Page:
Thursday, March 20, 2008

100 years in Iraq, Mr, McCain? I don't think so,

US military growing weary in Iraq

Five years after the US-led invasion of Iraq, the US military is flagging under long and repeated deployments that have taken a toll on troops and hurt its readiness to deal with other crises.

"People are tired," is the way Admiral Michael Mullen, chairman of the Joint Chiefs of Staff, summed it up at a congressional hearing last month.

The third longest war in US history -- after the Revolutionary War and Vietnam -- has forged a battle-hardened ground force with bitterly won experience in counter-insurgency warfare.

But military leaders and experts say it also has left the US Army in particular, but also the marines, with major equipment shortfalls, inadequate training in conventional warfare, and not enough troops.

Shot through it all is the human fallout from combat and the stress of repeated deployments: record suicide rates, rising divorces and mental health problems, according to army health reports.

Some troops are in their third and fourth combat deployments.

"What it means is that the army coming out of Iraq will be a shadow of its former self," said Lawrence Korb, a former Pentagon official and senior analyst at the Center for American Progress.

Korb said it will take at least a decade for the army to recover, assuming that the United States continues to draw down its "surge" force in Iraq, which currently number 162,000.

Estimates of the cost of resetting the army's forces and replacing or repairing war damaged equipment runs to 240 billion dollars, according to congressional leaders.

And Korb said the army could face personnel problems in coming years from having lowered quality standards to meet its recruiting goals.

"On the other hand we've got the most experienced military we've had in many a decade," said Bernard Rostker, a former undersecretary of defense for readiness in the Clinton administration.

"Soldiers who are back in Iraq three or four times, believe me they have learned. That stands us very well. So that on the readiness scale would have to be very high," he said.

Rostker said the all-volunteer force has been surprisingly resilient.

Many had thought it would break after the second or third rotation in Iraq, he said. "But that wasn't the case."

"All in all, Yes, the army is tired; yes, the army has comported itself extremely well," he said.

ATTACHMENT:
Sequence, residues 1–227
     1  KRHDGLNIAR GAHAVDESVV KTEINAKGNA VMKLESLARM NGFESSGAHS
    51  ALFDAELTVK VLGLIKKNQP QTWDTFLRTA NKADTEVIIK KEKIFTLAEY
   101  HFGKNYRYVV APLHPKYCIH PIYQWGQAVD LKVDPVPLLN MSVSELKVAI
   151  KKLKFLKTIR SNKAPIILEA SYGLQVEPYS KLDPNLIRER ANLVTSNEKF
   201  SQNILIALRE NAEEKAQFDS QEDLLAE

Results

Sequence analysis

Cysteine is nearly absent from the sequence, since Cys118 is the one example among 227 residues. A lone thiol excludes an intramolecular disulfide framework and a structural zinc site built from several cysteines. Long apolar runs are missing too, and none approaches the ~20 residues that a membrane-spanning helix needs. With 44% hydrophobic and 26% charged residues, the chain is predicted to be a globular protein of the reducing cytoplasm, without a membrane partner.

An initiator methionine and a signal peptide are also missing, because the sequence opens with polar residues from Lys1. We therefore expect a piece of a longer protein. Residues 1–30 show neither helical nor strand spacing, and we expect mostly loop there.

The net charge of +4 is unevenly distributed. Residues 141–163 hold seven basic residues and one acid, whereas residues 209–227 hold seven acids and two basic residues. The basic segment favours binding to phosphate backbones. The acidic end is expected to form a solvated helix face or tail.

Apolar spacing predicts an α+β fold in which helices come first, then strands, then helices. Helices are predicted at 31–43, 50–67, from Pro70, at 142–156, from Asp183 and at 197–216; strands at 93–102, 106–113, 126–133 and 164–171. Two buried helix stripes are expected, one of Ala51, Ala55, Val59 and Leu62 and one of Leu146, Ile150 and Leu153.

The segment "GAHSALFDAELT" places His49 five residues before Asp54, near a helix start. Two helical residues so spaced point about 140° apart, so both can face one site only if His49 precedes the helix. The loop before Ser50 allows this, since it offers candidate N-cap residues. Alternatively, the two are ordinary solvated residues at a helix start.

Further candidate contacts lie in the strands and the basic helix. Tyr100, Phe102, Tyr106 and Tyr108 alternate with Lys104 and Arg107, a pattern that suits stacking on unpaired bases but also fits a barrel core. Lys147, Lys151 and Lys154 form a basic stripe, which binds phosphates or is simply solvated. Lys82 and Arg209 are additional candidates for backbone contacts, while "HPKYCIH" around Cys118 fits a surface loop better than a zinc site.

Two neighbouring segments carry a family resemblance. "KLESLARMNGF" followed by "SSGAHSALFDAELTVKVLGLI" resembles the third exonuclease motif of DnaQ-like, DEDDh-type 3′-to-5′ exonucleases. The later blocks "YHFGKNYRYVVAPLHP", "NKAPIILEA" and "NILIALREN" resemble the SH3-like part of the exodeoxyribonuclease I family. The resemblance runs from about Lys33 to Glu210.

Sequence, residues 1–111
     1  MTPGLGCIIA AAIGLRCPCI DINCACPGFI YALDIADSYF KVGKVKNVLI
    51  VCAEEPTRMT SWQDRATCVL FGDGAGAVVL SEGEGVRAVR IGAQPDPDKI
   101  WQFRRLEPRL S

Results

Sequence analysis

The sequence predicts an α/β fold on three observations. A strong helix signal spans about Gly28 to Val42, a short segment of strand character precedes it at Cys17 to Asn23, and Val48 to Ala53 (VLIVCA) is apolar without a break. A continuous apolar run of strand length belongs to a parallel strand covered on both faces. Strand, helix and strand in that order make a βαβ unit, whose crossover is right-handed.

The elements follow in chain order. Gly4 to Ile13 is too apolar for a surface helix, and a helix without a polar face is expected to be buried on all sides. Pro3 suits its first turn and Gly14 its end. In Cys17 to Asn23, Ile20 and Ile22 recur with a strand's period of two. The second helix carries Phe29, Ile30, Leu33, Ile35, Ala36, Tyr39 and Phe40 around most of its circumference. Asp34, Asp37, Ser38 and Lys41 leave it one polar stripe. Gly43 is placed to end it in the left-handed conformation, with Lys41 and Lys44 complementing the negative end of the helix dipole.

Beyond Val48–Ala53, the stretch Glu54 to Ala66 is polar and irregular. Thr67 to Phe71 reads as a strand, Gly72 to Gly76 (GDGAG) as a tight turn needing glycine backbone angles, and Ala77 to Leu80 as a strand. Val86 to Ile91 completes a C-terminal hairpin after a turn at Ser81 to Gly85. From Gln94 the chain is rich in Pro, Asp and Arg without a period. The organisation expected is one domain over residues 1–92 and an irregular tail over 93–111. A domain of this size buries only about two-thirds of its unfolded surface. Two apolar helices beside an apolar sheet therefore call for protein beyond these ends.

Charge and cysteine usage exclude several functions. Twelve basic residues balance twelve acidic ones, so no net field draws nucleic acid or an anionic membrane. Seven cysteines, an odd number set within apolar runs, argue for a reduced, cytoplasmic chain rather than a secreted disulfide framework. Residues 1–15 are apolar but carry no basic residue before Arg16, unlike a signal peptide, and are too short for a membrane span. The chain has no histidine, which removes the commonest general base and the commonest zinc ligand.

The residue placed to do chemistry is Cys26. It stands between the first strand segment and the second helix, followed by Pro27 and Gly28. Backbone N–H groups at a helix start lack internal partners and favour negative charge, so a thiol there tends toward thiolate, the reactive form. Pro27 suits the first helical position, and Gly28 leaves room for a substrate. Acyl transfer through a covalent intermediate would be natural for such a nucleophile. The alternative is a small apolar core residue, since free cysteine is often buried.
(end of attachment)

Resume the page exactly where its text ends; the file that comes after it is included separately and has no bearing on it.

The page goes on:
"Nobody expected a volunteer force to do what it has done. It has learned over time and I think you see that in the surge, and hopefully we'll be able to bring some troops home," he said.

Troop levels in Iraq are supposed to fall to 140,000 by July, offering hope of relief.

But the security situation in Iraq, while dramatically improved over last year, remains fragile and commanders are calling for a pause in the drawdown after July.

The question facing military leaders is how long the army can withstand the current pace of deployments.

"Our soldiers are deploying too frequently. We can't sustain that," General George Casey, the army's chief of staff told Congress recently. "It's impacting on their families, it's impacting on their mental health. We just can't keep going at the rate that we're going."

Casey's immediate goal is to reduce tour lengths from 15 months to 12 to ease the strain on the force, which he expects to be able to do in July when the "surge" troops are out of Iraq.

Eventually, as the army expands in size or if more troops come out of Iraq, the army hopes to increase the time soldiers have at home between deployments from 12 months to 15.

But, as Army Secretary Pete Geren warned recently, "We are consuming readiness as fast as we build it."

The almost exclusive focus on counter-insurgency warfare in Iraq and Afghanistan, coupled with the short turnaround between deployments, has meant that most military units have no time to train for conventional warfare.

Mullen told Congress last month there is "significant risk" in the US military's readiness to respond to a crisis elsewhere in the world.

Concerns about the situation appear to be widespread within the military as well, even though morale remains high.

A recent survey of 3,437 current and retired officers of the rank of major or above found that 60 percent believe the US military is weaker today than it was five years ago.

Eighty-eight percent thought the war has stretched it "dangerously thin", according to the survey by the Center for a New American Security and Foreign Policy magazine.

Original article posted here.

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